Anglo-Chinese Encounters since 1800: War, Trade, Science, and Governance

Anglo-Chinese Encounters since 1800: War, Trade, Science, and Governance

Anglo-Chinese Encounters since 1800: War, Trade, Science, and Governance

Anglo-Chinese Encounters since 1800: War, Trade, Science, and Governance

Synopsis

Wang Gungwu's study of the relationship between China and the Chinese with imperial Britain examines the possibilities, as well as the limits of their encounters. Beyond the clichés of opium, fighting, and the diplomatic skills needed to fend off rivals and enemies, Gungwu probes areas of more intimate encounters, not least of which is the beginning of a broader English-speaking future between the two countries.

Excerpt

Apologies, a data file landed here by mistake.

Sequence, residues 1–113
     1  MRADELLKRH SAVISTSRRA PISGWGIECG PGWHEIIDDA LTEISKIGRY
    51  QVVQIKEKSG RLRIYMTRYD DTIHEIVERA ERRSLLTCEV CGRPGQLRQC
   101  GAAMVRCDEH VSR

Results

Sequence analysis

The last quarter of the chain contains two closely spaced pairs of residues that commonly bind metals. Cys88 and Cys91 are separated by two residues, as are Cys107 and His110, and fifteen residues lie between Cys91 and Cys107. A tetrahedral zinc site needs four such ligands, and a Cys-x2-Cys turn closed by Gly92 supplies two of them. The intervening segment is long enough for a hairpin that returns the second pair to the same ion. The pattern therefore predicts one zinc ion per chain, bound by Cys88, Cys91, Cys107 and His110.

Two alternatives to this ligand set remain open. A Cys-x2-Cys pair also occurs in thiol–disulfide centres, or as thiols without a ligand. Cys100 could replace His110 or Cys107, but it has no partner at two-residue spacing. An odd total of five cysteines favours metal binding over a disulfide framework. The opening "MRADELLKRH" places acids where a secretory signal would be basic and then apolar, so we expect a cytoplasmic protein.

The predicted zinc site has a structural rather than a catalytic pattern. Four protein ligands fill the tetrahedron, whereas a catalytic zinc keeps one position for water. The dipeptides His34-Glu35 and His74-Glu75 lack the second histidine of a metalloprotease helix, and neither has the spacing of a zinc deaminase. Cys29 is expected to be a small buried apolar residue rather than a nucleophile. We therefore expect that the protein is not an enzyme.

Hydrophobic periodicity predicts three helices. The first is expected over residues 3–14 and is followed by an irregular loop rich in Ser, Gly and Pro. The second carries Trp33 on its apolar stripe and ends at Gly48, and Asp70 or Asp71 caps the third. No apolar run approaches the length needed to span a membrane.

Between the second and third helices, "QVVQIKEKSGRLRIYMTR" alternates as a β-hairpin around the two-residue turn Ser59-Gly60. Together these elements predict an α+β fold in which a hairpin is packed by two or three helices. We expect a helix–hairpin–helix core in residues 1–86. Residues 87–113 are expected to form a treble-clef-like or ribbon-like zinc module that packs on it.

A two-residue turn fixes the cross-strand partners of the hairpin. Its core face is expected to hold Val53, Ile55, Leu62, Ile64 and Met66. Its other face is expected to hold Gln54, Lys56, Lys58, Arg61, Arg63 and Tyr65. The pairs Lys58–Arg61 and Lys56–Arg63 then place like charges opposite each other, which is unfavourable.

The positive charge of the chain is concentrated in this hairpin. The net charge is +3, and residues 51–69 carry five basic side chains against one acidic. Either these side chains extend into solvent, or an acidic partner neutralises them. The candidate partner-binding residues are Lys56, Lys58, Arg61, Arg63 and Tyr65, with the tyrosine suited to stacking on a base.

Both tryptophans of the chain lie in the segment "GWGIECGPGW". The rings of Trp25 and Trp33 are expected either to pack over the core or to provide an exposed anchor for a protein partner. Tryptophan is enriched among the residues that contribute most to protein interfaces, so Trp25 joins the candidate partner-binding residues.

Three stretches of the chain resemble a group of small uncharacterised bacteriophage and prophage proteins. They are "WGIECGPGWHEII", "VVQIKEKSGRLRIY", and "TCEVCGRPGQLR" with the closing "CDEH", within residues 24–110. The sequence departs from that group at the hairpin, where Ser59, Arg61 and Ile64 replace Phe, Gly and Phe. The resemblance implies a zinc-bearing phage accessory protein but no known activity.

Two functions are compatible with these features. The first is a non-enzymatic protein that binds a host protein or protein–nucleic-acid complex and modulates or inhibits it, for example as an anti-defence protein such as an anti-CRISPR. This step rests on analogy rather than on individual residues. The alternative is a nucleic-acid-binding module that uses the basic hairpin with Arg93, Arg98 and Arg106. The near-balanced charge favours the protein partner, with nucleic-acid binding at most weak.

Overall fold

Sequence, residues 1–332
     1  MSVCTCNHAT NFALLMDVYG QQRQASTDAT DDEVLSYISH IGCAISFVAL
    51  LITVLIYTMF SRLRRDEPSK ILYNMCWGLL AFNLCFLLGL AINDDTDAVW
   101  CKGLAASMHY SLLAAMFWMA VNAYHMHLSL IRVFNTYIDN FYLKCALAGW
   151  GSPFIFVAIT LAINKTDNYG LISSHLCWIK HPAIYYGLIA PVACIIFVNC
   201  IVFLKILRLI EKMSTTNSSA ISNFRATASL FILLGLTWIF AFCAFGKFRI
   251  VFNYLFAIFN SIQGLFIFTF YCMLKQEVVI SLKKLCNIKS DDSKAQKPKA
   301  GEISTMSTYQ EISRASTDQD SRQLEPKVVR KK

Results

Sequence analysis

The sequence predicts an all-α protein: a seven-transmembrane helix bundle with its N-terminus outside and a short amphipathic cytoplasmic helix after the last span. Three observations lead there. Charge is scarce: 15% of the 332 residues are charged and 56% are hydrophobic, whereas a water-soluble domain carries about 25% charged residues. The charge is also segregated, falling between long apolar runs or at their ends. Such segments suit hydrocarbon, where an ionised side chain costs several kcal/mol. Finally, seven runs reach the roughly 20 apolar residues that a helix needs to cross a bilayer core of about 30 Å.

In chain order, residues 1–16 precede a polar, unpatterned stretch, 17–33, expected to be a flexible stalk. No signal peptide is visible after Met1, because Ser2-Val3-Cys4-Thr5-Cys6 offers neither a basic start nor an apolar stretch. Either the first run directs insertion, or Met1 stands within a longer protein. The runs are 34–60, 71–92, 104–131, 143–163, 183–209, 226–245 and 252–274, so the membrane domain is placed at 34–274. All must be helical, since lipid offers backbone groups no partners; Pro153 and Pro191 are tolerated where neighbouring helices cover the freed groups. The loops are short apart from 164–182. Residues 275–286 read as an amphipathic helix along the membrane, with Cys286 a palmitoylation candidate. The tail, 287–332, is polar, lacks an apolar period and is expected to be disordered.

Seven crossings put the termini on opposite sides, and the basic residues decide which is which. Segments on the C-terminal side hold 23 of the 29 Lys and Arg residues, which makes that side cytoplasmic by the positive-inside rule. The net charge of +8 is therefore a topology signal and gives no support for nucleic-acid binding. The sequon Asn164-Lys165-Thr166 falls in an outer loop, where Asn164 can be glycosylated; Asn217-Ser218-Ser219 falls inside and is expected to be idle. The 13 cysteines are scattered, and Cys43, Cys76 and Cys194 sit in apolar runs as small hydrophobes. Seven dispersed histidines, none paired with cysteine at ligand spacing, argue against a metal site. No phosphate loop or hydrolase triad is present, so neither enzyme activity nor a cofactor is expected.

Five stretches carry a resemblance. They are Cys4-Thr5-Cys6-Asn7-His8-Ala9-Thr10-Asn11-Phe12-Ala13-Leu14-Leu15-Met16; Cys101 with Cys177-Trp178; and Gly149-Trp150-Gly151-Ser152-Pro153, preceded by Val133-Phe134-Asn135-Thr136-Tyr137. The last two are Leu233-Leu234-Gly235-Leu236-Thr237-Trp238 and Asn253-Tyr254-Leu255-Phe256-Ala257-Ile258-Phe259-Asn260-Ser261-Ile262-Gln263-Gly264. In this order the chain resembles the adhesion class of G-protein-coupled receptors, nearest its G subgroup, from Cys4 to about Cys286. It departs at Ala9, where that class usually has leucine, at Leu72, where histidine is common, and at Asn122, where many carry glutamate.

It is a great honour for me to be invited to give the Smuts Commonwealth Lectures. I grew up in Ipoh in the state of Perak, a British protected state, and studied Empire and Commonwealth history for my Cambridge School Certificate in a government-funded school named after Governor Sir John Anderson (1858–1918). Jan Christiaan Smuts (1870–1950) was still alive when I went to university in Singapore, in the newly established University of Malaya. I was interested in the extraordinary story of how this Cambridge-educated colonial became first a bitter foe of the British Empire and then a loyal supporter of the Commonwealth. This interest was fuelled by my meeting Keith Hancock (1898–1988) at the Australian National University in 1968 when he had just completed the second volume of his biography of Smuts. I enjoyed reading about the young Boer’s youth and his exploits in the War of 1899–1902. The last stage of his career after 1933 intrigued me even more. Why did he become so loyal to the Commonwealth? Among the reasons that might be offered for this loyalty, two stood out for me as a Chinese sojourner. One was that he was of European descent, a Christian, someone who could identify with British culture and history, and who also trained to be a common . . .

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